No matter which of these tactics employees use, they often look unintentional. As a result, they can be tricky to detect and address.

How to detect and prevent disabled trackers

Time Doctor’s internet connectivity report makes it easy to spot employees who spend an unusual amount of time offline during the workday. If you notice that some employees work offline more than usual, it’s worth a conversation.

For example, you might learn they have internet connectivity issues or technical difficulties. If you suspect a bigger problem, you may need to rethink their remote working arrangement.

Time Doctor-Internet Connectivity

Paying close attention to their offline time tracking reports is also helpful. Time Doctor tracks time automatically, even when team members are temporarily offline. If you see zero tracking data for some employees, it’s a good sign they’ve disabled the tracker.

How Time Doctor’s Unusual Activity Report detects time tracking fraud

Without the right tools, you’d have to spend extra time looking for signs and piecing together clues of time tracking fraud. With Time Doctor, the process is completely automated.

Our new Unusual Activity Report is the only feature of its kind on the market. Using AI and machine learning, it reviews typical work patterns for your team. It then detects anomalies automatically.

Total Unusual time

Concerned employees might game your tracking tools? Time Doctor’s Unusual Activity Report monitors the following:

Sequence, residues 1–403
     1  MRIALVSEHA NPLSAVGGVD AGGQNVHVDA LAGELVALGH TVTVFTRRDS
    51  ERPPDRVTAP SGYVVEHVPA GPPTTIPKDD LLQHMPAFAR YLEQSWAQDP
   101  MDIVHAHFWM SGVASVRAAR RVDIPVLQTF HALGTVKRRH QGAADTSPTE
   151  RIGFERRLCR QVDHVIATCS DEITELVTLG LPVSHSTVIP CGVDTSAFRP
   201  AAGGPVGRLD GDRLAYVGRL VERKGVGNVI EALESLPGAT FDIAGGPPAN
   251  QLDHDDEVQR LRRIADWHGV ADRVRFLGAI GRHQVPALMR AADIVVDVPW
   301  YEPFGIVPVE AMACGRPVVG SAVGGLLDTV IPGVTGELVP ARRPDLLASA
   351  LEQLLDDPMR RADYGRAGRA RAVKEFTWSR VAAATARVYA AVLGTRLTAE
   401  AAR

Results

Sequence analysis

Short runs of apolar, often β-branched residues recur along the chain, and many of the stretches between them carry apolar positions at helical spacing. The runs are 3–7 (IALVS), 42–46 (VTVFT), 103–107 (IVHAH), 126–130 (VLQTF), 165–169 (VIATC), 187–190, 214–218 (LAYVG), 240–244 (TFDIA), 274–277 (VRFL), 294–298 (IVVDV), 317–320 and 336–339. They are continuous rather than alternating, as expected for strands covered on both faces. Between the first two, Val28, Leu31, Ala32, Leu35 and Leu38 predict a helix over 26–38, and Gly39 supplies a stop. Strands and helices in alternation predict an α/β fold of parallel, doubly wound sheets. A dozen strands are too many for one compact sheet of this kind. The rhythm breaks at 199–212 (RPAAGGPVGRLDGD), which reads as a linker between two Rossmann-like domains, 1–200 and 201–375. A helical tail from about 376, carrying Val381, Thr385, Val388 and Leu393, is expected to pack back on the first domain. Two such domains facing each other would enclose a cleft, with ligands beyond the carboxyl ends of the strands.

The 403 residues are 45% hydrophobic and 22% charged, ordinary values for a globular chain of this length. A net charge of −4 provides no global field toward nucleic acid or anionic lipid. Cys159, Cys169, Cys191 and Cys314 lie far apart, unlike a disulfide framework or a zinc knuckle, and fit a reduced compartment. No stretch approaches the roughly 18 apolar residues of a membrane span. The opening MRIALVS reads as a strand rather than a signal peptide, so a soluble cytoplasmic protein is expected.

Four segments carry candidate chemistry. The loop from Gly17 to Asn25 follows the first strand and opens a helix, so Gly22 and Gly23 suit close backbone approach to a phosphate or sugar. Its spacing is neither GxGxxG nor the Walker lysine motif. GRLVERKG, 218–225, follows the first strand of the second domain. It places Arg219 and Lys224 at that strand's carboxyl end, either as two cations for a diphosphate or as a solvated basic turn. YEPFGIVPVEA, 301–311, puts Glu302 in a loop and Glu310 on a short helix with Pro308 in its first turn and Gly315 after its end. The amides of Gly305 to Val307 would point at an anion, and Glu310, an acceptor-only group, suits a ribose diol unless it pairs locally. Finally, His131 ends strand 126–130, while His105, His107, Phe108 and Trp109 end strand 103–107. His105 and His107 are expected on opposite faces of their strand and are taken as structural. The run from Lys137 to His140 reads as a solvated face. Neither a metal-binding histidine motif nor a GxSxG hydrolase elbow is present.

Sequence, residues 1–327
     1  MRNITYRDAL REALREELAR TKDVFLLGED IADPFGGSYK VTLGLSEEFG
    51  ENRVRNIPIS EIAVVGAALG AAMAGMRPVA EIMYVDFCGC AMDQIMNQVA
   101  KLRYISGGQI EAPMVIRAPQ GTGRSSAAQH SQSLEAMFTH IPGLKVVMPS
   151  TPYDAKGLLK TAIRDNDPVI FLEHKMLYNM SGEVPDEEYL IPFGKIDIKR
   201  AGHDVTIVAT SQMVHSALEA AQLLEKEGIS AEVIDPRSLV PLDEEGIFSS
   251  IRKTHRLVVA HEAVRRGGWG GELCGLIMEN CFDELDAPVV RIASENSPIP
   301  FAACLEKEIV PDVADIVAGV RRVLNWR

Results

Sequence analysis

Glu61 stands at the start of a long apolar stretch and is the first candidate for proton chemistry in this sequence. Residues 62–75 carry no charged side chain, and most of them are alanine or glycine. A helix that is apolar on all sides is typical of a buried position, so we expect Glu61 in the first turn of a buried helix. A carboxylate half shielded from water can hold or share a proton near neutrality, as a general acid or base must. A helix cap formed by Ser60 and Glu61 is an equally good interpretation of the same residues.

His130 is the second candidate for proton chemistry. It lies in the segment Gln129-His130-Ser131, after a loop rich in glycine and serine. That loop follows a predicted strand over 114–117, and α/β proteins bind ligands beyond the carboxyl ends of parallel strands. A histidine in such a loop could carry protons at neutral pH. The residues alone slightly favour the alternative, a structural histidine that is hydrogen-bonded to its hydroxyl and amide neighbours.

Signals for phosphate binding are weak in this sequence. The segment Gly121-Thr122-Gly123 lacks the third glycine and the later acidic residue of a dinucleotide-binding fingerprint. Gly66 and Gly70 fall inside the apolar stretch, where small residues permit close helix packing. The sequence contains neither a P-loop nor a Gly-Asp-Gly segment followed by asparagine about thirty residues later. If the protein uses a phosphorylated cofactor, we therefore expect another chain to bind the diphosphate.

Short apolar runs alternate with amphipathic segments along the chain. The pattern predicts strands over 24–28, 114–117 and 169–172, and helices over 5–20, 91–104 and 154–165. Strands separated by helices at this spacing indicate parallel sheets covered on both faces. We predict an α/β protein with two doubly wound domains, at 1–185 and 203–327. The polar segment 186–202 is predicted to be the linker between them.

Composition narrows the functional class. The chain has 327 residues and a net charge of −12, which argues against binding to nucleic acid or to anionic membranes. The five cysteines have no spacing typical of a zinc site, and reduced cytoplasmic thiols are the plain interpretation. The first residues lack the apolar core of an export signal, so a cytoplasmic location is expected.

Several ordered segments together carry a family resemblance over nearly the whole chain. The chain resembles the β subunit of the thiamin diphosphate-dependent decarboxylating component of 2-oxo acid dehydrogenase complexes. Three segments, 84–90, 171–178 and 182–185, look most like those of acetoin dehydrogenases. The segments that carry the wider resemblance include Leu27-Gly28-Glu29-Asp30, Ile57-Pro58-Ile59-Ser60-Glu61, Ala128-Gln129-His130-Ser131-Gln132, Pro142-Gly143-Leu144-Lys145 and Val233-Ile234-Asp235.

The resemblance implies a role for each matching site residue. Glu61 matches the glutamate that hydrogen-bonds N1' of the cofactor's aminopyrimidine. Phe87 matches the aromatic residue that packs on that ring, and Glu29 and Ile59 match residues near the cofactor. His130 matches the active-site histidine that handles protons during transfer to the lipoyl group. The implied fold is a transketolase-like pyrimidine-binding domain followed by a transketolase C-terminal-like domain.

• Excessive typing or a high number of keystrokes per second
  • Long periods of mouse movement without detecting any clicks
  • Sudden increases in mouse click activity
  • Patterns of repeated and unusually consistent mouse movements and keystrokes
  • Extended periods of keystrokes without any mouse movement

Note that Time Doctor isn’t a keystroke logger. It only tracks the level of keyboard activities, not the specific keys pressed.

Timestamps of unusual behaviour

The report includes time stamps and specifies the type of unusual activity for each period. It also provides a visual breakdown of this activity. With this data, you can spot and act on problems quickly.

It’s important to note that our Unusual Activity Report doesn’t spy on employees or create “gotcha” moments. Instead, we built it to increase transparency and provide accountability.

With the Unusual Activity Report and Time Doctor’s in-depth insights, you can proactively mitigate risk, ensure your team follows through on work projects, and make smarter data-driven decisions. This way, everyone works more efficiently and with greater trust.

Take action against time tracking fraud

With Time Doctor, you can stop worrying about employees gaming your time tracking system. With our built-in monitoring tools and AI-powered Unusual Activity Report, you can find and address any issues efficiently. Ready to build a team that’s more productive and more accountable? Request a demo of Time Doctor to see our employee monitoring software in action.

View a free demo of Time Doctor

help managers focus on what matters most
time doctor ratings

Related Posts